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 						  Calendar No. 552

115th Congress}                                            { Report
                                 SENATE
  2d Session  }                                            { 115-317

======================================================================

                     JUSTICE AGAINST CORRUPTION ON
                          K STREET ACT OF 2018

                               __________

                              R E P O R T

                                 OF THE

                   COMMITTEE ON HOMELAND SECURITY AND

                          GOVERNMENTAL AFFAIRS

                          UNITED STATES SENATE

                              TO ACCOMPANY

                                S. 2896

    TO REQUIRE DISCLOSURE BY LOBBYISTS OF CONVICTIONS FOR BRIBERY, 
    EXTORTION, EMBEZZLEMENT, ILLEGAL KICKBACKS, TAX EVASION, FRAUD, 
   CONFLICTS OF INTEREST, MAKING FALSE STATEMENTS, PERJURY, OR MONEY 
                               LAUNDERING


[GRAPHIC NOT AVAILABLE IN TIFF FORMAT]


                August 15, 2018.--Ordered to be printed
        
        
        COMMITTEE ON HOMELAND SECURITY AND GOVERNMENTAL AFFAIRS

                    RON JOHNSON, Wisconsin, Chairman
JOHN McCAIN, Arizona                 CLAIRE McCASKILL, Missouri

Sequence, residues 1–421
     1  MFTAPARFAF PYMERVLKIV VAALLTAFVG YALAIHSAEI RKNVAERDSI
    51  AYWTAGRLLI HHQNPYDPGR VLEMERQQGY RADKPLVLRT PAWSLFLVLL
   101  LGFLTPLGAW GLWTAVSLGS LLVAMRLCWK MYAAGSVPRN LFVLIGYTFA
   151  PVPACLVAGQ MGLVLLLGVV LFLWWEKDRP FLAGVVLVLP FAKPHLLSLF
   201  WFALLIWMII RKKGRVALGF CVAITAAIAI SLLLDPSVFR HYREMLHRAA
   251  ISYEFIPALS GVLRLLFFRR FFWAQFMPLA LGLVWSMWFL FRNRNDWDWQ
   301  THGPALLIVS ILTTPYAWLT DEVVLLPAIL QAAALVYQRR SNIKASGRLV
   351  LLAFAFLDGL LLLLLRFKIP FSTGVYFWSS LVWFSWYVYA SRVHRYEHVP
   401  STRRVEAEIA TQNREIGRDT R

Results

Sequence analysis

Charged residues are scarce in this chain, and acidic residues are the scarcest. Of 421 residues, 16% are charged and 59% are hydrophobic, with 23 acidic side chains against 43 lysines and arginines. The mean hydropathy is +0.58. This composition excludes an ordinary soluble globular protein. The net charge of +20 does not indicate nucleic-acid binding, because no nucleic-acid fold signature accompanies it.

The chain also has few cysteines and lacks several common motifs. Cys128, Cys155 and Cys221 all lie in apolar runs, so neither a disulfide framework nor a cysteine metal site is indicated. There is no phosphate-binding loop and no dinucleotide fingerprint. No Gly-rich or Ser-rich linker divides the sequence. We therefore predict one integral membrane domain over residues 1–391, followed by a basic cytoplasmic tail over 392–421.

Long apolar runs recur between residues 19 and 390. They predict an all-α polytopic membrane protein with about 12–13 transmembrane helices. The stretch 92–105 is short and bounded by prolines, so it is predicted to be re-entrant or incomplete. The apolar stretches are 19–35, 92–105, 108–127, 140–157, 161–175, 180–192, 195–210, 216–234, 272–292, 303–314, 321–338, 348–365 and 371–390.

ROB PORTMAN, Ohio                    THOMAS R. CARPER, Delaware
RAND PAUL, Kentucky                  HEIDI HEITKAMP, North Dakota
JAMES LANKFORD, Oklahoma             GARY C. PETERS, Michigan
MICHAEL B. ENZI, Wyoming             MAGGIE HASSAN, New Hampshire
JOHN HOEVEN, North Dakota            KAMALA D. HARRIS, California
STEVE DAINES, Montana                DOUG JONES, Alabama

                  Christopher R. Hixon, Staff Director
                Gabrielle D'Adamo Singer, Chief Counsel
       Patrick J. Bailey, Chief Counsel for Governmental Affairs
               Margaret E. Daum, Minority Staff Director
       Charles A. Moskowitz, Minority Senior Legislative Counsel
                 Katherine C. Sybenga, Minority Counsel
                     Laura W. Kilbride, Chief Clerk





 						  Calendar No. 552

115th Congress}                                            { Report
                                 SENATE
  2d Session  }                                            { 115-317

======================================================================
 
           JUSTICE AGAINST CORRUPTION ON K STREET ACT OF 2018

                                _______
                                

                August 15, 2018.--Ordered to be printed

                                _______
                                

 Mr. Johnson, from the Committee on Homeland Security and Governmental 
                    Affairs, submitted the following

                              R E P O R T

                         [To accompany S. 2896]